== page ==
A semester-long celebration of African culture is scheduled to begin at UT in January.
The event titled "Africa at Home, Home in Africa" will continue through May.
The purpose of the semester is to show how Africans and African elements have influenced cultures worldwide and how African artists reflect non-African cultural influences in their works.
"We want to show that Africa is not an isolated continent but interactive with other cultures," said Stefanie Ohnesorg, professor of modern foreign languages and literature.
Ohnesorg said she hopes that by the end of the semester there is a better understanding of African culture.
Numerous events have been planned to further the purpose of the semester. Campus activities such as museum exhibits, plays and African dance shows have been planned. Outreach activities and workshops are planned for the community by bringing storytelling, concerts and lectures to local schools.
A kick-off event on Feb. 4 includes a parade starting at the Black Cultural Center and ending at the UC Ballroom where there will be music, food and a chance to meet and greet.
An exhibit at the McClung Museum will run throughout the semester. The exhibit, The World Moves, We Follow: Celebrating African Art, is scheduled to be open Jan. 11 through May 18. William Dewey, an assistant professor in the school of art, is the exhibition curator.
The title is taken from a Yoruba proverb that speaks about change, Dewey said.
"The exhibition is about the inevitability of change and how African art is not just masks and sculptures, as most people think it is, but a dynamic art form that has changed over time," he said. "What I'm trying to do in the exhibit is to show that it's much more than that - that it's also textiles, utilitarian objects, paintings and all kinds of things."
Dewey said the exhibit is seeking to introduce African art to a new audience, because East Tennessee has never shown a major exhibition of African art.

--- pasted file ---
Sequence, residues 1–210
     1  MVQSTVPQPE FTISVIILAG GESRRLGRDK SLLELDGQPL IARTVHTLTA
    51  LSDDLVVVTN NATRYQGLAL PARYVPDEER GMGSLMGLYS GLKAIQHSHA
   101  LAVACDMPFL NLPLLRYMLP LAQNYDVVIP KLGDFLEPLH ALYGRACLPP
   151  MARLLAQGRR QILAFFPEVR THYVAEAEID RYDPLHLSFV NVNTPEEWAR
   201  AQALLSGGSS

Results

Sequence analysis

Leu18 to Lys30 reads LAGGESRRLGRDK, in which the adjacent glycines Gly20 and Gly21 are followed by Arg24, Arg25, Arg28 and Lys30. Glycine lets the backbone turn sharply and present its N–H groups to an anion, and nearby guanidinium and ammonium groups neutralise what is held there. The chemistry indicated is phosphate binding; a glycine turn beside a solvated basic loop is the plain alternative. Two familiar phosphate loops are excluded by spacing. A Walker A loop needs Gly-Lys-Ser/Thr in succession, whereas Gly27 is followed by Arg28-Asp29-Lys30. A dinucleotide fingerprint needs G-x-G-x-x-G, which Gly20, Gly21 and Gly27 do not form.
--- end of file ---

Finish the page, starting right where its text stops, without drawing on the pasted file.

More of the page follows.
"It's a general exhibition about African art, borrowing from seven different museums around the country, so it's bringing in some really spectacular African art."
The exhibit will feature modern day as well as ancient art, Dewey said.
"We have some art from the ancient kingdom of Benin in Nigeria that's probably dated back to the 16th or 17th century, and then (the exhibit) goes up to some things that are very contemporary," he said.
Other events include the Nobel Prize-winning playwright Wole Soyinka's highly-regarded adaptation of the Greek play Euripides entitled The Bacchaee of Euripidies: A Communion Rite. The play is scheduled to run at the Clarence Brown Theatre from Feb. 6 through Feb. 16.
"It's an ancient Greek play and Soyinka did a modernized version of it with some African elements in it," Carolyn Hodges, head of the modern foreign languages and literatures department, said. "I've taught the play before but never seen it. I'm really looking forward to it."
In connection with the play, an event entitled "Theatre Talk: International Theatre" will be held on Feb. 9 at Barnes & Noble on Kingston Pike at 2 p.m. The discussion is free and open to the public.
Another attraction will be the musical group Ladysmith Black Mambazo, which is known to represent the traditional culture of South Africa.
In 1993, at Nelson Mandela's request, the band accompanied the him to the Nobel Peace Prize ceremony in Oslo, Norway. Mambazo also sang at President Mandela's inauguration in May 1994.
The group is scheduled to perform on March 2 at 8 p.m. in the Alumni Memorial Auditorium.
New events are constantly being scheduled. For more information regarding the Africa Semester visit the events Web site at pr.tennessee.edu/africa.